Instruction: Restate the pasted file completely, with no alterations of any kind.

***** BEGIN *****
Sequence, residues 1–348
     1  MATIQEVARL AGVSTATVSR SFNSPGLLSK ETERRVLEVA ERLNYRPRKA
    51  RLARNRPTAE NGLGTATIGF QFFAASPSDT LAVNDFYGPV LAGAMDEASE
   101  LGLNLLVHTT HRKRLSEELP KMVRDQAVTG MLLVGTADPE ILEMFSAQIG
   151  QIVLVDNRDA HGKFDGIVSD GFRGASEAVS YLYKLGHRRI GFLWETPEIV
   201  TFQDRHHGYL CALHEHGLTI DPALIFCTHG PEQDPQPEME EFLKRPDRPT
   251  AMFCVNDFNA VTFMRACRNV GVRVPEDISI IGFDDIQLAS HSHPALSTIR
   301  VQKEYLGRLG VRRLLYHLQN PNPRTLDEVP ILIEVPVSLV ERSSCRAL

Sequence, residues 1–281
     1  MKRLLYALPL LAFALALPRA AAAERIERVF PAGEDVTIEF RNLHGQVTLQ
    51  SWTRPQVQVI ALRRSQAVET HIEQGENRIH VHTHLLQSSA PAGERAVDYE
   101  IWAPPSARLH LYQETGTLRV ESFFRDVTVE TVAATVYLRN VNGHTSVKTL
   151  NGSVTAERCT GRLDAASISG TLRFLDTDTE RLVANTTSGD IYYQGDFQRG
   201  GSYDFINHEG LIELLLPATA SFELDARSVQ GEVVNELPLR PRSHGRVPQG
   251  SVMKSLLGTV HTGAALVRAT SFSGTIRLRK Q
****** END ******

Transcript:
Sequence, residues 1–348
     1  MATIQEVARL AGVSTATVSR SFNSPGLLSK ETERRVLEVA ERLNYRPRKA
    51  RLARNRPTAE NGLGTATIGF QFFAASPSDT LAVNDFYGPV LAGAMDEASE
   101  LGLNLLVHTT HRKRLSEELP KMVRDQAVTG MLLVGTADPE ILEMFSAQIG
   151  QIVLVDNRDA HGKFDGIVSD GFRGASEAVS YLYKLGHRRI GFLWETPEIV
   201  TFQDRHHGYL CALHEHGLTI DPALIFCTHG PEQDPQPEME EFLKRPDRPT
   251  AMFCVNDFNA VTFMRACRNV GVRVPEDISI IGFDDIQLAS HSHPALSTIR
   301  VQKEYLGRLG VRRLLYHLQN PNPRTLDEVP ILIEVPVSLV ERSSCRAL

Sequence, residues 1–281
     1  MKRLLYALPL LAFALALPRA AAAERIERVF PAGEDVTIEF RNLHGQVTLQ
    51  SWTRPQVQVI ALRRSQAVET HIEQGENRIH VHTHLLQSSA PAGERAVDYE
   101  IWAPPSARLH LYQETGTLRV ESFFRDVTVE TVAATVYLRN VNGHTSVKTL
   151  NGSVTAERCT GRLDAASISG TLRFLDTDTE RLVANTTSGD IYYQGDFQRG
   201  GSYDFINHEG LIELLLPATA SFELDARSVQ GEVVNELPLR PRSHGRVPQG
   251  SVMKSLLGTV HTGAALVRAT SFSGTIRLRK Q